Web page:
In a recent discussion, I asked about using a certain bipropellant system for RCS thrusters (I was actually thinking about it as fuel for an MMU jetpack or the "scooter" commonly imagined in science fiction, or for small orbital drones). Someone remarked that RCS thrusters are almost always monopropellant, sometimes ion engines, and generally extremely small.

This immediately sounded wrong to me, so I looked it up, and it turns out that the R-4D thruster, which is used for the main RCS on the Apollo CSM and LM, the Space Shuttle, and the Orion capsule, is a bipropellant (hypergol) engine. The same is true of the smaller 100N thrusters used on the Japanese ISS logistics freighter (forget the name) and the Draco thrusters used on the SpaceX dragon. (I couldn't figure out what fuel Soyuz and Progress use.)

What these have in common, is: - They are either man-rated, or "quasi-man-rated" (i.e. they dock to an inhabited space station). - They dock (or, at least, fly within range to be grabbed by a robotic arm) - They are pretty large and heavy, and a significant mass / volume payload fraction is a fundamental driver of their design.

Does this discrepancy indicate a distinction between a "navigational" and "docking" RCS? Is it more about performance? Or modern man-rating?

  • $\begingroup$ Have you considered that the comment you got was simply, you know, wrong? Furthermore, size is relative. RCS thrusters are relatively small, I wouldn't exactly call the ones on the Apollo CSM "big". I mean, even the wikipedia entry for the R-4D starts with "The R-4D is a small ...". $\endgroup$
    – Polygnome
    Commented Mar 5, 2020 at 9:39
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    $\begingroup$ @Polygnome the comment wasn't technically wrong. After all, there are a lot more satellites out there with monopropellant RCS thrusters than there were Apollo or Shuttle missions. Merely unhelpful, in context. $\endgroup$ Commented Mar 5, 2020 at 11:18
  • $\begingroup$ @StarfishPrime Not being technically wrong doesn't make the comment right in context. $\endgroup$
    – Polygnome
    Commented Mar 5, 2020 at 11:29
  • $\begingroup$ @Polygnome are you saying that most RCS thrusters aren't monopropellant? $\endgroup$ Commented Mar 5, 2020 at 11:32
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    $\begingroup$ @Polygnome but the original comment was not in that context, and so it was not wrong. This isn't, y'know, rocket science. $\endgroup$ Commented Mar 5, 2020 at 12:48

1 Answer 1


I'm going to interpret your question as being:

"What factors drive the choice between bipropellant and monopropellant thruster systems for spacecraft maneuvering systems?"

If that's wrong, advise in a comment, and I'll delete this.

This answer is a summary of the paper Performance Evaluation of Spacecraft Propulsion Systems in Relation to Mission Impulse Requirements

A major factor in this trade-space is the System Specific Impulse (Issp) defined as the total impulse delivered by the propulsion system divided by the propulsion system mass.

For chemical propulsion systems -

  • For small Issp (<1000) a cold gas thruster system is the likely choice.
  • For medium values of Issp (1000 -2000) a monopropellant system is the likely choice.
  • For high values of Issp (2000+) a bi-propellant system is the likely choice.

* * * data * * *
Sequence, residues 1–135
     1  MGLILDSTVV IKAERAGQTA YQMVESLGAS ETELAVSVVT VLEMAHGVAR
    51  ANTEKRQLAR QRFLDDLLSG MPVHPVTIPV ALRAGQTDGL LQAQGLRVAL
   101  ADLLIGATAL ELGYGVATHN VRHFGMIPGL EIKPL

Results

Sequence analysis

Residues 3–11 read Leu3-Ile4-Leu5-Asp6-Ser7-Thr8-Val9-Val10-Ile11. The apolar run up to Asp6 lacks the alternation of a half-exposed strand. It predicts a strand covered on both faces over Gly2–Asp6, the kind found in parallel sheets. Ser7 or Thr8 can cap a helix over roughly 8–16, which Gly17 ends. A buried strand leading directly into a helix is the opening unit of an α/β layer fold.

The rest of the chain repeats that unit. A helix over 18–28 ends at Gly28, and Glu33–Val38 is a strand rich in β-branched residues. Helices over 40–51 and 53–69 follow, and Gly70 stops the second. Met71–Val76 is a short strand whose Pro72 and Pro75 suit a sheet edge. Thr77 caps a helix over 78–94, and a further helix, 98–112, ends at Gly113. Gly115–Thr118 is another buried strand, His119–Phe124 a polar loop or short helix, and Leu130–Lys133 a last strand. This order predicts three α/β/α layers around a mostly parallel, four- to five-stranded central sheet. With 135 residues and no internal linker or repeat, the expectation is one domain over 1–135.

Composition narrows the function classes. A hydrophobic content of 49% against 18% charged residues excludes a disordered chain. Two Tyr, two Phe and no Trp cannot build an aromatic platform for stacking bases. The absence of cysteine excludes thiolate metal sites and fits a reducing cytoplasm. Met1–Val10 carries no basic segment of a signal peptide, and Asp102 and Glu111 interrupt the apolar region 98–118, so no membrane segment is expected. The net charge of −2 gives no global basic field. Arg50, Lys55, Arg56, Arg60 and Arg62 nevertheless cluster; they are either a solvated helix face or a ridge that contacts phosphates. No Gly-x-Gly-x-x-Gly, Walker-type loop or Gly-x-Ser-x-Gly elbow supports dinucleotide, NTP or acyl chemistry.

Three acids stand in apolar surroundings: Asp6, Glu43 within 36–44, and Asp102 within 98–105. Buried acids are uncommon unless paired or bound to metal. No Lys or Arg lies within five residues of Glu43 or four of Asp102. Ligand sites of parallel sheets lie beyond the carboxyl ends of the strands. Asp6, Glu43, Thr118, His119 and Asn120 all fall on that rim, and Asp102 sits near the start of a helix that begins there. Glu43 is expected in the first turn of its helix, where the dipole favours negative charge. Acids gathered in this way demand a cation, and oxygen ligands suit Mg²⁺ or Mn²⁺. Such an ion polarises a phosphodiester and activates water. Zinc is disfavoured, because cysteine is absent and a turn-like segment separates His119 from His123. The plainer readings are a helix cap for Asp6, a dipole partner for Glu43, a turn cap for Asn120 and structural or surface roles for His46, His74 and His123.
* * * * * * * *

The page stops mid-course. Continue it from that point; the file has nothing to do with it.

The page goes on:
A very useful graph from the paper shows delta-v required versus the mass fraction of the propellant system relative to the spacecraft.

enter image description here

The paper states in reference to this graph (I'm summarizing and paraphrasing)

  • for delta-v < 150 m/s, pick a cold gas system
  • for delta-v 150 m/s < x < 650 m/s, pick a monopropellant system
  • for delta-v > 650 m/s, consider bipropellant, resistojet, and electric propulsion

If you have an interest in the topic, I strongly suggest you read the paper; it's quite accessible and gives real-world spacecraft examples for different Issps and explains how it's calculated for the different system types.

Also, apart from factors discussed in the paper, real-world factors come into play for real systems: What engines are currently made and what do they cost?; handling difficulties for the various propellants, etc. etc.

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    $\begingroup$ Warm gas thrusters provide a possible intermediate between cold gas and hot gas thrusters, and since the patent expired as of today, perhaps there might be more interest in that technology. $\endgroup$ Commented Mar 6, 2020 at 14:38
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    $\begingroup$ @RussellBorogove apparently it is a "Power Augmented Catalytic Thruster", and is some sort of hydrazine-fuelled resistojet. Details seem weirdly thin on the ground. $\endgroup$ Commented Mar 6, 2020 at 21:19
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    $\begingroup$ @StarfishPrime Ooooh, moderate Isp, poor TWR, -and- high power requirements! Who wouldn't want some of that? $\endgroup$ Commented Mar 6, 2020 at 21:25
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    $\begingroup$ @RussellBorogove aha, found it... page 57 of ESA bulletin 66, may 1991 (labelled page 55 in the document). It appears to be a hydrazine monopropellant thruster with an electrical afterburner. I suspect you may have identified why we don't hear much about it these days. $\endgroup$ Commented Mar 6, 2020 at 21:30
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    $\begingroup$ I think has found a home in two circumstances: a) a while ago on communications satellites before bi-propellant systems became more widespread and b) on more recent designs, probably because of an overall cost/performance trade-off, where it was seen as more advantageous to have a monopropellant system for other functions such as attitude control. $\endgroup$
    – Puffin
    Commented Mar 6, 2020 at 21:38

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